Sadly, the most recent comment on that article is from a conspiratard. Almost as sadly, further down, one of the commenters wishes that The Economist had published the photo they described in the last paragraph of the article, apparently not realising it's the photo at the top of the article...

I heard the news by chance, turning the radio on in the car for less than 10 seconds before my older son grumbled about wanting music instead. I was choked up for a couple of minutes, and had to turn my mind to other thoughts to regain my composure.

Yes, he was an old man and such things should not be unexpected. And yes, his achievement was merely the tip of the iceberg of the work of hundreds of thousands of others. But he was the person who was first to walk in a place that wasn't humanity's cradle, and he handled the resulting fame with absolute class.
Title: Re: Neil Armstrong (1930-2012)
Post by: ka9q on August 30, 2012, 09:37:42 PM
OTOH imagine if flamboyant and foul mouthed Conrad had been the first to step on the moon, as almost was the case, what an embarrassment for the NASA brass.
Conrad lobbied long and hard for some sort of tape delay to edit out any salty language that he might let slip. NASA PR was adamant that there would be no such thing, and Conrad would simply have to watch himself.

And watch himself he did, even when they got more caution and warning alarms during launch than they'd ever seen in the simulator. It's not like he'd forgotten his Navy vocabulary; there's plenty of colorful language on the Apollo 12 intercom recordings, but none of it went over the air to a listening world.

I don't know about anyone else, but all the astronauts seem far more human after you read those intercom logs. There's a lot of good stuff in there.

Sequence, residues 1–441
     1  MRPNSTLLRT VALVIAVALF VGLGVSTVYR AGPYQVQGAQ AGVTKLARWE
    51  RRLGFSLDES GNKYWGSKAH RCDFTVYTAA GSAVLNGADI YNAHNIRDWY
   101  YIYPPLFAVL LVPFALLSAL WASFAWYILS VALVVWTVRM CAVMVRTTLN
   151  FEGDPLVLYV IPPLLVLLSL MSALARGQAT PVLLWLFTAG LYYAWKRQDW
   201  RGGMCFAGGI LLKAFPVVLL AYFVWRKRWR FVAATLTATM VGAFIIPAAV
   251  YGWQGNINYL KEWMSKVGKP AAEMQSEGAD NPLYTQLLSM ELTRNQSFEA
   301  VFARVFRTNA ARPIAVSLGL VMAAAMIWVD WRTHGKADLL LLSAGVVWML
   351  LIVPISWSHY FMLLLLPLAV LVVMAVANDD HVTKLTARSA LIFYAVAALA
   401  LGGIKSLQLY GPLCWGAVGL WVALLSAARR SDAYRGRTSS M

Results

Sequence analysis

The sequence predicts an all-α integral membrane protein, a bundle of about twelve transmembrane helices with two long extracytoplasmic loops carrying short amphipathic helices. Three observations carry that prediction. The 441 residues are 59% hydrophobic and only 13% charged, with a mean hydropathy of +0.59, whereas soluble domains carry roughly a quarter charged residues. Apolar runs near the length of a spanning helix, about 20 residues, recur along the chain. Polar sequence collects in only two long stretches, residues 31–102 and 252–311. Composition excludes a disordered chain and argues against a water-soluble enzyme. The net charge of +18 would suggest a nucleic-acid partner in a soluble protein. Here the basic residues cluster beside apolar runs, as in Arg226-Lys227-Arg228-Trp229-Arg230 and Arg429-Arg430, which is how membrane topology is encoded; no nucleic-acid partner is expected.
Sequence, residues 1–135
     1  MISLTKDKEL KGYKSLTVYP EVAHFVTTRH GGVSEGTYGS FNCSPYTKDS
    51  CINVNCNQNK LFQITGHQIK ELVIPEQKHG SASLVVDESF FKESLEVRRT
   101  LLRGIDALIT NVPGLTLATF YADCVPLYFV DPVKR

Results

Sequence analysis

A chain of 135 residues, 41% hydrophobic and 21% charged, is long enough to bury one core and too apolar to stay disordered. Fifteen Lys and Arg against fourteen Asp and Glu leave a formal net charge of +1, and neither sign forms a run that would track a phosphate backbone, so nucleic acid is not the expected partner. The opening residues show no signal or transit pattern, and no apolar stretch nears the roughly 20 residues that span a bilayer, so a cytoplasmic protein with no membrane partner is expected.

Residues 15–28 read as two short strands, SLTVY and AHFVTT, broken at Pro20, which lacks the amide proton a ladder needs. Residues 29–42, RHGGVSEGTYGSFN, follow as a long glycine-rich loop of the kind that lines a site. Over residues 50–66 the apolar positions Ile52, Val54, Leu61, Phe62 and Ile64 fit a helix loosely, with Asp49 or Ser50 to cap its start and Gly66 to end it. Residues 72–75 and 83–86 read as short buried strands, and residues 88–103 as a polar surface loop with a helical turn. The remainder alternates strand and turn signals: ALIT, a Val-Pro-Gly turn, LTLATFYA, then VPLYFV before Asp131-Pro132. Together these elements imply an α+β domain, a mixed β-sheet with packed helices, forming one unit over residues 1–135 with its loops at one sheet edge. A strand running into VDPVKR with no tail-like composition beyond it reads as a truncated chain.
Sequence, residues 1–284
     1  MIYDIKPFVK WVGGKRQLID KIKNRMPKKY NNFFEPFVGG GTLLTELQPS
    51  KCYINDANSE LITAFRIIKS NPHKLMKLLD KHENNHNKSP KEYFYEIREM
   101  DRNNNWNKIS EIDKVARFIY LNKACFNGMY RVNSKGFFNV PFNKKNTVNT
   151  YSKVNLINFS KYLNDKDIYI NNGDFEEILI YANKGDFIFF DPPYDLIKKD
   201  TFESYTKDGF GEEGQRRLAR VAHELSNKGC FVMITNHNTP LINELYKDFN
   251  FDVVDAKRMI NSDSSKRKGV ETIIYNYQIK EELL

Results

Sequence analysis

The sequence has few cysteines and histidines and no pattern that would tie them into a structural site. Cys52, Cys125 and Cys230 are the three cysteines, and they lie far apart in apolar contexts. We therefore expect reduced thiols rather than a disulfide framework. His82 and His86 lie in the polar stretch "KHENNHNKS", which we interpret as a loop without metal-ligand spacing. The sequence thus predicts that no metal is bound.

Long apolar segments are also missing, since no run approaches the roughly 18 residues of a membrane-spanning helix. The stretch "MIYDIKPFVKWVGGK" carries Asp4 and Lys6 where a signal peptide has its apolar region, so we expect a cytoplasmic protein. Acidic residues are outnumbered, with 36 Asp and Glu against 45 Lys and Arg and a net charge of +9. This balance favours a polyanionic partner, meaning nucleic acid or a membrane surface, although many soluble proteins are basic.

Title: Re: Neil Armstrong (1930-2012)
Post by: Laurel on August 31, 2012, 09:44:08 AM
A children's health fund is being launched in Armstrong's memory. That seems fitting since he sadly lost his daughter Karen to brain cancer.
http://www.washingtonpost.com/national/health-science/private-service-planned-for-hero-astronaut-armstrong-in-ohio-memorial-fund-to-be-launched/2012/08/31/009ecc36-f337-11e1-b74c-84ed55e0300b_story.html (http://www.washingtonpost.com/national/health-science/private-service-planned-for-hero-astronaut-armstrong-in-ohio-memorial-fund-to-be-launched/2012/08/31/009ecc36-f337-11e1-b74c-84ed55e0300b_story.html)
Title: Re: Neil Armstrong (1930-2012)
Post by: Count Zero on August 31, 2012, 01:56:43 PM
...and the facts about the LM hatch design.

Who went out the door on Apollo 9 - CMP or LMP?
Title: Re: Neil Armstrong (1930-2012)
Post by: Inanimate Carbon Rod on August 31, 2012, 06:11:51 PM
It's not like he'd forgotten his Navy vocabulary; there's plenty of colorful language on the Apollo 12 intercom recordings, but none of it went over the air to a listening world.

I found an article about bad language on Apollo

http://amyshirateitel.com/2012/01/06/vintage-space-fun-fact-how-to-not-swear-on-the-moon/ (http://amyshirateitel.com/2012/01/06/vintage-space-fun-fact-how-to-not-swear-on-the-moon/)


Quote
At one point, Stafford recognized a landmark crater, Censorinus A. He was momentarily distracted by the dramatic shadows and giant boulders surrounding the crater. “I’ve got Censorinus A right here,” he said out loud to the world, “bigger than shit!”

And concerning Pete:

Quote
The story goes that in preparing for his mission, NASA had the astronaut hypnotized. Rather than curse, a psychiatrist put the idea in his head that he would rather hum when his mind wandered.  The hypnotized astronaut is rarely named, but only one man can be heard humming as he skipps across the lunar surface. Transmissions from Commander Pete Conrad are punctuated with “dum de dum dum dum” and “dum do do do, do do” making him the likliest candidate.